Preventing online child abuse: US officers share skills with Delhi counterparts

Officers from the Florida Department of Law Enforcement and Louisiana State Police shared their insights into the challenges of investigating cases of online abuse.

Written by Mahender Singh Manral | Published:October 10, 2016 4:11 am
Photo for representational purpose Photo for representational purpose

Inspector Mangesh Tyagi, a police officer since 1994, is seasoned and knows his way around the world of crime, but he had an eye-opening stint this month. He was among the Delhi Police personnel who attended a three-day training programme where US law enforcement officers shared their knowledge on entering the ‘deep’, ‘dark’ realms of internet to prevent online child abuse. After the classes, the officers were asked to pass on the knowledge to colleagues.

“We were not properly aware of the latest technology, but got to know about the latest methods of criminals and how they are looking at digital mediums to target children, who are exposed to technology at a very young age these days,” says Tyagi.

The Delhi Police Special Police Unit for Women and Children (SPUWAC) organised the training programme in collaboration with Data Security Council of India (DSCI), and International Centre for Missing and Exploited Children (ICMEC).

Officers from the Florida Department of Law Enforcement and Louisiana State Police shared their insights into the challenges of investigating cases of online abuse, collection of evidence, forensics and investigative tools. Additional DCPs, ACPs, inspectors as well as newly recruited officers attended the training programme, says Varsha Sharma, Deputy Commissioner of Police, SPUWAC.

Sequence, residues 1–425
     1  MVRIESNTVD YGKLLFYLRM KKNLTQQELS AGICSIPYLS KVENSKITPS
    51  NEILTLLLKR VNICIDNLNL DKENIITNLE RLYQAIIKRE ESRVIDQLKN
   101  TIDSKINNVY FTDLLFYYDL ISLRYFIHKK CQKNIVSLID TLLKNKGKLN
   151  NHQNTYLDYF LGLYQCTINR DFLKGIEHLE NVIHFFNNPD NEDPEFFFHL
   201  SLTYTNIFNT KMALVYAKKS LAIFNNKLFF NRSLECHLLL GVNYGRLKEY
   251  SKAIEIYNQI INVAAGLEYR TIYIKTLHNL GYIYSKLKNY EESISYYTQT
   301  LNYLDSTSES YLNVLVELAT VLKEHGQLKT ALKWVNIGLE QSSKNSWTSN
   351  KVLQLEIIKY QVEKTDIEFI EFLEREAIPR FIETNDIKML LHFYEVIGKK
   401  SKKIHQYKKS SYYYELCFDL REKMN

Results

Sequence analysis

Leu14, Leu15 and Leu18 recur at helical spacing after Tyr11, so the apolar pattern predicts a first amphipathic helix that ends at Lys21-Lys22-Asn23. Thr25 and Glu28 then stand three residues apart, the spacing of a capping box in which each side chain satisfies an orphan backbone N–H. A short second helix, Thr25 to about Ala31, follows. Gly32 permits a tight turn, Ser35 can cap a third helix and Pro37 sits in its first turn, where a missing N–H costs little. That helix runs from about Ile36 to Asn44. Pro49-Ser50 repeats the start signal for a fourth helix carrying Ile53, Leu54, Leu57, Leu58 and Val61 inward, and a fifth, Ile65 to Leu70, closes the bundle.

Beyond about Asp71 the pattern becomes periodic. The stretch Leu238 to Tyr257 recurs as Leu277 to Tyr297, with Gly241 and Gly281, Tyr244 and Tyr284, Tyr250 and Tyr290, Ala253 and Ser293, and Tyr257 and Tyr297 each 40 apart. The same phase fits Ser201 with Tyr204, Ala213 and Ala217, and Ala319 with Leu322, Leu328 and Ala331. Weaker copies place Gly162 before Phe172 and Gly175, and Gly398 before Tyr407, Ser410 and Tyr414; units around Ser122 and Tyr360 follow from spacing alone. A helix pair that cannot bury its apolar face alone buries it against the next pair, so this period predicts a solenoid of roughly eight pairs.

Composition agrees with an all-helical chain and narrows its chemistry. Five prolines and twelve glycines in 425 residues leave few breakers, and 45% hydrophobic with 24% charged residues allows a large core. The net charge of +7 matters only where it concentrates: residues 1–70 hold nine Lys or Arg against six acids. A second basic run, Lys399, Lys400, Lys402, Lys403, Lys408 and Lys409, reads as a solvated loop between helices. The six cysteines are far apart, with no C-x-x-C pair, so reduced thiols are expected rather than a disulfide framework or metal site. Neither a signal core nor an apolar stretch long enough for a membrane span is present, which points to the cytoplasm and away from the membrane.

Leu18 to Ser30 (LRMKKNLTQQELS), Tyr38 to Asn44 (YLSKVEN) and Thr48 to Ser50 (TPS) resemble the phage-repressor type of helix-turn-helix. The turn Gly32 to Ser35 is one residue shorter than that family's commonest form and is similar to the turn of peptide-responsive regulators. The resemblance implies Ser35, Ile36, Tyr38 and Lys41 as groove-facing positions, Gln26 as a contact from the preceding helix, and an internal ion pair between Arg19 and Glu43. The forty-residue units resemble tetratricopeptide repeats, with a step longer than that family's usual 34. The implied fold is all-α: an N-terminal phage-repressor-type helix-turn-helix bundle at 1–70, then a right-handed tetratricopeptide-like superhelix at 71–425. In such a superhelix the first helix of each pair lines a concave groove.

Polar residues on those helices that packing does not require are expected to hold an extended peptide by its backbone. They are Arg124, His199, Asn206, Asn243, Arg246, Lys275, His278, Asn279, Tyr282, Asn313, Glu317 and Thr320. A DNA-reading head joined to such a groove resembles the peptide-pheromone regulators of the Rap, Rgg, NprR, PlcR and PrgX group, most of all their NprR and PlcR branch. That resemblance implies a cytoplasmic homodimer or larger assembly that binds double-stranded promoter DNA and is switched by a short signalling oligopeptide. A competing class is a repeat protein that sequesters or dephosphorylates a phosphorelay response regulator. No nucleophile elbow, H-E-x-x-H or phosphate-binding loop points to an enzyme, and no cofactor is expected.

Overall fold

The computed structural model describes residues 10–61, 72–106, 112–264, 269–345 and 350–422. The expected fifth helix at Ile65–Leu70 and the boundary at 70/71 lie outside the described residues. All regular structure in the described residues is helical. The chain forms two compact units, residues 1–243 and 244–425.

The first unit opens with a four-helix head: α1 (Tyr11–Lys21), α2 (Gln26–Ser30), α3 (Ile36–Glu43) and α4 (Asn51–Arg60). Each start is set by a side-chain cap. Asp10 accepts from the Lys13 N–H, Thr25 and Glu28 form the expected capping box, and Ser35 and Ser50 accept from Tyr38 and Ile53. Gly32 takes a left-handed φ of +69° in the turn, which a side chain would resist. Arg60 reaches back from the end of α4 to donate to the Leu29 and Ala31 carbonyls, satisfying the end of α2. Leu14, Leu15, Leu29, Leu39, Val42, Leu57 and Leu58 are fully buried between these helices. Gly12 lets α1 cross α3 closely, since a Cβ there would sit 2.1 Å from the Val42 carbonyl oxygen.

“Nowadays, criminals have become tech-savvy and some of them first target children through internet and then harass them after getting to know minute details of their activities. In the sessions we had with the US officers, we learned a lot of new tools, including new technology, on how to handle such cases. We were also taught about working on various file sharing websites,” she adds.

The US officers also shared latest software to crack and curb cases of online child abuse. ICMEC has developed the software in collaboration with the FBI, other law enforcement agencies in the US and the Massachusetts Institute of Technology.

A senior police officer who attended the training programme says, “This software is quite advanced and can track online predators; how they are accessing child pornographic images, where the images have been circulated, and from where it was uploaded. They can lead you to the IP address from where the abuse might be happening.”

Sundari Nanda, Special Commissioner of Police, Women Safety, Airport and Modernisation, said, “Many of the crimes against women and children are happening in the online space. We have to up our game when dealing with such criminals… For instance, if a girl visits a police station and says she is being stalked on Facebook and the officer doesn’t know about the social media platform, what will the girl do? The DSCI that approached us with the idea and we were quite happy to partner with them.”

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